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Covid Update: 2022

On New Year’s Eve, I was so excited to say “goodbye” to 2021 and welcome 2022 and hoped COVID-19 would become a distant memory. Unfortunately, the pandemic had other plans. Here we are, February of 2022, and the Omicron variant is working its way through our area. Here is our COVID Update for 2022.

Hospitals see a record number of cases, and the Douglas County Health Director implemented a mask mandate. Even though it seems like 2022 may be a repeat of the previous year, there is hope. 

Here’s what we know so far COVID-19 in 2022

  • There is a wide range of symptoms for COVID-19.
  • The variant doesn’t determine the symptoms. 
  • Omicron appears to be milder than Delta
  • Approximately 64.5% of Douglas County residents are vaccinated for COVID-19
  • More than 1 million vaccination doses have been administered in Douglas County.
  • Hospital occupancy rates are still quite high averaging above 84%
  • Most patients admitted to the hospital are unvaccinated.
  • A majority of people who have been vaccinated are becoming eligible for their booster dose
  • Children are now eligible for vaccinations, and almost 120,000 have been vaccinated!
  • Regardless of the variant, they are still the same SARS-CoV-2 virus
  • Testing for COVID-19 is readily available, and in-home kits can be purchased online and at most pharmacies
  • The Federal government has made it possible for everyone to have access to testing—free of charge.

Every day medical researchers and infectious disease experts learn more about the SARS-CoV-2 virus and continue to improve treatment programs for those presenting more severe symptoms, and outcomes are improving for hospitalized patients. Data continues to pour in, showing that the available vaccinations greatly reduce the chance of contracting COVID-19. Vaccinations also help reduce the severity of symptoms if you were to contract COVID.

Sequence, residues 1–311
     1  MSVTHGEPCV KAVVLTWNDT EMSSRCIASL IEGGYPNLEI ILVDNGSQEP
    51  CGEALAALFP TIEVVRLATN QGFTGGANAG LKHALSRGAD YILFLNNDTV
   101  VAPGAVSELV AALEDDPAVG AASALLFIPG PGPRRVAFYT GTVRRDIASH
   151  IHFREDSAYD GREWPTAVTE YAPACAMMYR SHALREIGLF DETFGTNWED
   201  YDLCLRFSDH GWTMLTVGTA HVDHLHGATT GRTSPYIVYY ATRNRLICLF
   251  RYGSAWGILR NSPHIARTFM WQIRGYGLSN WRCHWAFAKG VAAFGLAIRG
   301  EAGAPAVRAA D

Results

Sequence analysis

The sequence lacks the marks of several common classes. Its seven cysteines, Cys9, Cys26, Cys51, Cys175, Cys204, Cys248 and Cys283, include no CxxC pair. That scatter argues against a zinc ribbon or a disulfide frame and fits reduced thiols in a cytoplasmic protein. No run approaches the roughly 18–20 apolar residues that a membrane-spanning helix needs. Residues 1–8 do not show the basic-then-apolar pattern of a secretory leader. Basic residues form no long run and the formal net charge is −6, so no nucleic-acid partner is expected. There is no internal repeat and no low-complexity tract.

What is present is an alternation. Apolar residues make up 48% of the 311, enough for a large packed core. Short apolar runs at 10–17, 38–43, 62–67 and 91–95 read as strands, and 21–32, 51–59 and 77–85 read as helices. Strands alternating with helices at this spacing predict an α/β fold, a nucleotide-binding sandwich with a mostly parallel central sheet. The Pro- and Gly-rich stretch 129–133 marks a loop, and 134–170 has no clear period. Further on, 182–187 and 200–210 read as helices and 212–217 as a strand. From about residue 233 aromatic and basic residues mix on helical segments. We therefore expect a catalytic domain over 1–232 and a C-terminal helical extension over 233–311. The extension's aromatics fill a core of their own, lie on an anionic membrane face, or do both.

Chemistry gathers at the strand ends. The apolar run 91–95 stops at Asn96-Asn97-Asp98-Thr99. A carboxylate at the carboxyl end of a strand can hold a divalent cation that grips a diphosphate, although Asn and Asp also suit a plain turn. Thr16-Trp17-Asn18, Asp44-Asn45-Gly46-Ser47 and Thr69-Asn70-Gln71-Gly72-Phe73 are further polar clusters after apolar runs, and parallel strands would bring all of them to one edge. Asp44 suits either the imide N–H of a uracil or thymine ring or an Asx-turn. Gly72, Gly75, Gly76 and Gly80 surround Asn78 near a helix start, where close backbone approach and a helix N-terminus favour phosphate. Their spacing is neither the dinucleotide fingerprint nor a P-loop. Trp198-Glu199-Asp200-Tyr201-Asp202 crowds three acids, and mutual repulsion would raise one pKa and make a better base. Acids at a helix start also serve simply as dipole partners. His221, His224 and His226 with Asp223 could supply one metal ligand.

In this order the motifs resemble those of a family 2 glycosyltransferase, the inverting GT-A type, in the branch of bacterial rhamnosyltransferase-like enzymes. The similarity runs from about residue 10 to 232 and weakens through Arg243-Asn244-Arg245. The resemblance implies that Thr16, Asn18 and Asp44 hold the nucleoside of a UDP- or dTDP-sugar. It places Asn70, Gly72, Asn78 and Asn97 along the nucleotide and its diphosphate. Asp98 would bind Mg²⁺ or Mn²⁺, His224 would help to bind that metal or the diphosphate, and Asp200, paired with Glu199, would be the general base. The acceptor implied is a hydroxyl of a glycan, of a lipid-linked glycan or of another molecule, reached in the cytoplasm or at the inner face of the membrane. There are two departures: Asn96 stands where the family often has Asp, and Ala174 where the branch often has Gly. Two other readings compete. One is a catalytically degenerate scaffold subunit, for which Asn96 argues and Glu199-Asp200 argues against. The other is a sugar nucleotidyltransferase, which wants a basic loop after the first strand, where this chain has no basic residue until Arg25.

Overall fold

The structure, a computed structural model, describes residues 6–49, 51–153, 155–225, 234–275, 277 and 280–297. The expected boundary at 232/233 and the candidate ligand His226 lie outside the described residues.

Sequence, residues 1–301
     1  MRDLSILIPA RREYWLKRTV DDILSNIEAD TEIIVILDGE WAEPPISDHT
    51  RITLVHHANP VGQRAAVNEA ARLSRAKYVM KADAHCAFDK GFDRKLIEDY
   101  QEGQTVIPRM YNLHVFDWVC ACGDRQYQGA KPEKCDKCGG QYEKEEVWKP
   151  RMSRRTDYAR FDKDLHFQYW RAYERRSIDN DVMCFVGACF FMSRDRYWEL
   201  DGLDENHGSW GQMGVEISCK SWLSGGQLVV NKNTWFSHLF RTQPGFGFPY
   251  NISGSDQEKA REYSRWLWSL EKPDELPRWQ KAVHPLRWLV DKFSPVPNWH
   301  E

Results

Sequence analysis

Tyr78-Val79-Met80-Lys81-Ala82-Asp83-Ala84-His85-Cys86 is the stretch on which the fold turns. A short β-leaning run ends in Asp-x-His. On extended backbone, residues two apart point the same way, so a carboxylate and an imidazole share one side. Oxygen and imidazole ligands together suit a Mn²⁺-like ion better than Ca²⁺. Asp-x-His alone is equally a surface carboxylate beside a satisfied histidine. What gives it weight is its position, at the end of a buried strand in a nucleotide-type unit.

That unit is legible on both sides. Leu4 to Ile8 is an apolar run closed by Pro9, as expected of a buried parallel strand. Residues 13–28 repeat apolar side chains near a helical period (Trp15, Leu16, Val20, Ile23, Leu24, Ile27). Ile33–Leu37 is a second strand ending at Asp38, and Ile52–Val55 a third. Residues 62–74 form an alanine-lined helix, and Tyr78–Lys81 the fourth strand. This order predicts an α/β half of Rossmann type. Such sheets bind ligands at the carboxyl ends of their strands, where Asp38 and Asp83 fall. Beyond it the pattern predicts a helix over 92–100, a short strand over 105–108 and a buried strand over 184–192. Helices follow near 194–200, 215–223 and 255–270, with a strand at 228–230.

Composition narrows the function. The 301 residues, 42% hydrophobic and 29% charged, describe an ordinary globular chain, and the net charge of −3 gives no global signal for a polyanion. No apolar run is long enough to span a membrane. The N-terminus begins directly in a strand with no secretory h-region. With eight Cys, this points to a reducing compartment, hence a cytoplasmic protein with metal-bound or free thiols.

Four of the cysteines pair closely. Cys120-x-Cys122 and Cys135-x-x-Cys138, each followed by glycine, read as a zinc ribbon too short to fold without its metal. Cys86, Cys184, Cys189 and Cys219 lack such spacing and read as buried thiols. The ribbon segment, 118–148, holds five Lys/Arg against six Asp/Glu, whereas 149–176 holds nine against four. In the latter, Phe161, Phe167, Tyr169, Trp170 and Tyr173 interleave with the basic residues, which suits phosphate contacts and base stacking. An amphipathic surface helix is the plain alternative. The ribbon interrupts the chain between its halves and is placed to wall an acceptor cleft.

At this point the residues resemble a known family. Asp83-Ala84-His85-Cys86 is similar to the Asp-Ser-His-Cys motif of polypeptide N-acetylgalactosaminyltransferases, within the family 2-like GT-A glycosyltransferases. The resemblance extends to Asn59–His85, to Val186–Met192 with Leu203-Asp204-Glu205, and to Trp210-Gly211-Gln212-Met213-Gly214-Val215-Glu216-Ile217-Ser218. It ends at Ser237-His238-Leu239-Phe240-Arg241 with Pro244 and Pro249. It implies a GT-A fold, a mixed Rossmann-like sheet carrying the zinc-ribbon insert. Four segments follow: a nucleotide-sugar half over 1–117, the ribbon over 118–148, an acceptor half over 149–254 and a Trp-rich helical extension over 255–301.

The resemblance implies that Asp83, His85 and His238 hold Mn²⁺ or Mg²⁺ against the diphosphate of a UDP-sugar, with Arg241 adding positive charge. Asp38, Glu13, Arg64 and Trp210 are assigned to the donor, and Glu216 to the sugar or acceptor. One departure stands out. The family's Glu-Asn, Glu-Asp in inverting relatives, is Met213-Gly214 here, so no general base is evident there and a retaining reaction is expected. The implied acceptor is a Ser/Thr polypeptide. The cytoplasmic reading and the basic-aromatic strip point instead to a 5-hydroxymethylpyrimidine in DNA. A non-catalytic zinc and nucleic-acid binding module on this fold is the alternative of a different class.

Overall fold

The Centers for Disease Control continue to publish frequent updates, and the medical community is ready to adjust practices based on their findings. 

What can you do to minimize the risk of getting COVID?

Although there is no sure-fire way to avoid contracting COVID, you can take several steps to help reduce the opportunity to get exposed and infected. 

  • Wear a face mask in public and around others outside of those living with you.
  • Get vaccinated and if you qualify, get your booster shot.
  • Get your flu shot!
  • If you haven’t been to your doctor for your annual physical, this is the time to do so. Having a baseline for your health is important if you do contract COVID in the future. In the meantime, don’t put off seeing your doctor if you need medical assistance. If you are nervous about coming to the clinic, our Virtual Care Connection (telehealth) may be a good option.
  • Continue to wash your hands and avoid the 3 C’s:
    1. Crowded places
    2. Close contact
    3. Confined spaces
  • Wash your hands
  • If you think you were exposed to COVID or experiencing symptoms, get tested!

What if I suspect I may have COVID?

COVID is sometimes hard to diagnose without proper testing. A lot of the symptoms are similar to influenza and the common cold. The CDC published this list of the most common symptoms. If you have COVID, you may experience some or all of these: 

  • Fever or chills
  • Cough
  • Shortness of breath or difficulty breathing
  • Fatigue
  • Muscle or body aches
  • Headache
  • New loss of taste or smell
  • Sore throat
  • Congestion or runny nose
  • Nausea or vomiting
  • Diarrhea

If you are experiencing any of these, it’s best to get tested. Symptoms may appear anywhere from 2-14 days after exposure. People are most-contagious about two days before and three days after the onset of symptoms, so getting tested as soon as you suspect is critical so you can isolate or quarantine if you do test positive. Home “self-testing” kits are available at almost every pharmacy and online. You must follow the instructions to get incorrect results if you aren’t swabbing correctly. To be certain you don’t have COVID, we recommend getting tested at your doctor’s office.  

Think Whole Person Healthcare has a walk-in clinic that is open seven days a week: Mon-Fri, 7 am – 8 pm, Sat-Sun, 9 am-5 pm, where you can get tested. We have set up a special area in our lobby for folks who think they have COVID. When you arrive, tell the think staff at the front desk, and they will have someone from thinkQuick come down and administer a test. You don’t have to be a think patient to use our walk-in clinic and, if you don’t have a Primary Care provider, get one! Visit our “Meet your Doctor” page to learn more about the providers at think.

Final thoughts.

When I look back at two years, conditions are getting better, and we continue to move in the right direction, but it will take teamwork from everyone to overcome COVID. We all need to continue to:

  • Be diligent with our hand washing and wearing masks
  • Be kind to others
  • Offer help when we can
  • Get vaccinated and boosted
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